2018 marks 200 years since DuSable's death and over 30 years since Mayor Harold Washington dedicated the land for the DuSable Park. Please join us in celebrating the LATEST DEVELOPMENTS and PROGRESS we have made this year towards the Park development. 

Jean-Baptiste Pointe DuSable, despite renewed interest to his life, has not enjoyed full recognition as the first permanent non-Native American settler and founder of modern Chicago. DuSable Heritage Association has worked over the years with the Chicago Park District and the DuSable Park Coalition in planning the future DuSable Park near Navy Pier, where the Chicago River meets Lake Michigan, close to DuSable’s original home.

 

Mayor Harold Washington dedicated in 1988 the 3.5-acre land as DuSable Park, a critical piece of Chicago’s lakefront park system. The park is very much desired by lakefront park advocates and residents in the nearby Streeterville and Near East Side neighborhoods, as well as Chicagoans desiring to commemorate Jean-Baptiste Pointe DuSable’s contributions to Chicago and its diversity.

 

A public river walk connects DuSable Park with Pioneer Court on Michigan Ave, the site of DuSable original home. Alderman Burton Natarus introduced and passed in 2004 a resolution designating this river esplanade as DuSable Founders Way. Like DuSable Park, DuSable Founders Way would include historical plaques and signage about early Chicago.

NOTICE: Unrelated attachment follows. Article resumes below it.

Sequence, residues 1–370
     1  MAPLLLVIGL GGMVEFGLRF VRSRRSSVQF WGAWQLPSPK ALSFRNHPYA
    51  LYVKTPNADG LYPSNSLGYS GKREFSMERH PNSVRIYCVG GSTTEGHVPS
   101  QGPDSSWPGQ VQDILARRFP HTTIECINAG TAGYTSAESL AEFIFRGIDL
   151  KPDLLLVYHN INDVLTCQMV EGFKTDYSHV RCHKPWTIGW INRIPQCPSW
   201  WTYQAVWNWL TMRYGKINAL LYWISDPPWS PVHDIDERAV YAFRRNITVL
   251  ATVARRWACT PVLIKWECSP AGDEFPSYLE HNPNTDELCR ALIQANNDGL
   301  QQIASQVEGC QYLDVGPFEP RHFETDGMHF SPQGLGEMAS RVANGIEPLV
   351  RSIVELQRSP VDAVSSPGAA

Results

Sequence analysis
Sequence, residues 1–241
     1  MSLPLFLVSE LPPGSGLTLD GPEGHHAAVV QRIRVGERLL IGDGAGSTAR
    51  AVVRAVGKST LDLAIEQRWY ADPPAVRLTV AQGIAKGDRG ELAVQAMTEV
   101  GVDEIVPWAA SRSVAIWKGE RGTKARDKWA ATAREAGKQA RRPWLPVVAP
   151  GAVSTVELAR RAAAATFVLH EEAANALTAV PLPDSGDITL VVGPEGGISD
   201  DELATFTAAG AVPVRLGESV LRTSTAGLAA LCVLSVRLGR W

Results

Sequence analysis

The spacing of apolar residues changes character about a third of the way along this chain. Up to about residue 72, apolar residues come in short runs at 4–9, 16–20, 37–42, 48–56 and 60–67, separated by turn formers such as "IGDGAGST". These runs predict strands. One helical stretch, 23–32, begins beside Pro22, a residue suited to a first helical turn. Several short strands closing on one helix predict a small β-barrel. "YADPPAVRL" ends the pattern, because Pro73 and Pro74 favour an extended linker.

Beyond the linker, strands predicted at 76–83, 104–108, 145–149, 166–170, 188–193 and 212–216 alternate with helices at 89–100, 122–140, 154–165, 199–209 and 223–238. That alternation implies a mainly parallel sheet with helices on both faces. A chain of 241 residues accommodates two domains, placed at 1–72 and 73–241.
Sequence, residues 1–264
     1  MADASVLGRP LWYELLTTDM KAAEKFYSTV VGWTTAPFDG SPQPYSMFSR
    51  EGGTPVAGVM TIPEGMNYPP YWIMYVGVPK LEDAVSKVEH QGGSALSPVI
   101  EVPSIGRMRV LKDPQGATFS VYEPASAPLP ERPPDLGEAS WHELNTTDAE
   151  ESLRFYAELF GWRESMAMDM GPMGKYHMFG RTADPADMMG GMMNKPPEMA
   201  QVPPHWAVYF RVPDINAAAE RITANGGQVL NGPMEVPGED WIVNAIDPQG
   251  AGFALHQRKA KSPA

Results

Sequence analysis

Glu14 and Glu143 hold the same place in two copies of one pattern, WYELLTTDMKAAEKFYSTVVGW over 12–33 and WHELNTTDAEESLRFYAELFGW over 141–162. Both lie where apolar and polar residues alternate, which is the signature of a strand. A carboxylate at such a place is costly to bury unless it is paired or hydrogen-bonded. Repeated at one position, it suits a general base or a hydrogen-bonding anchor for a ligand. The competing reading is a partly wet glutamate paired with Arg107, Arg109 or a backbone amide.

DuSable Park Chronology 

 

DuSable Park is a three-and- a-half acre undeveloped site situated where the Chicago River meets Lake Michigan. A concrete and steel seawall currently forms the boundary with the water on three sides: on the north, with Ogden Slip, a public navigable waterway; on the south, with the Chicago River; and on the east with Lake Michigan. The western boundary is Lake Shore Drive.

 

1770’s - Jean Baptiste Pointe DuSable establishes a prosperous farm and trading post at the mouth of the Chicago River (now the site of the Tribune Tower).

 

1857 - The DuSable Park site, then shallow coastal land, is part of the grant of 46 acres of land to Dock and Canal Company, which promotes commercial and industrial development in the area but retains ownership ofthe underlying land.

 

1893 - The DuSable Park site is filled in by the U.S. Army Corps of Engineers, possibly as part of the Chicago Dock and Canal Ship Basin Project (now known as Ogden Slip), to connect cargo boats with railroads at North Pier.

 

1906 - Lindsay Light & Chemical Co. operates in the area owned by Dockand Canal Company. With its main facility at 161 E. Grand Avenue, Lindsay Light extracts thorium from monazite ore. The waste included radioactive tailings.

 

1928 - The National DeSaible Memorial Society (since 1966 the Chicago DuSable League) is formed to commemorate and promote appreciation of Jean-Baptiste Pointe DuSable as the first permanent settler and founding father of Chicago.

 

1962 - The Chicago Dock & Canal Company, reorganized as the Chicago Dock & Canal Trust begins a master plan for residential and commercial development.

 

1985 - This development is approved as a 40-acre planned development with three open space areas dedicated to the Chicago Park District: River Esplanade, Ogden Park, and the future park to be named by Mayor Harold Washington in 1987 for DuSable.

 

1988 - Ownership of the DuSable Park site is transferred to the Chicago Park District (CPD) through a quit claim deed.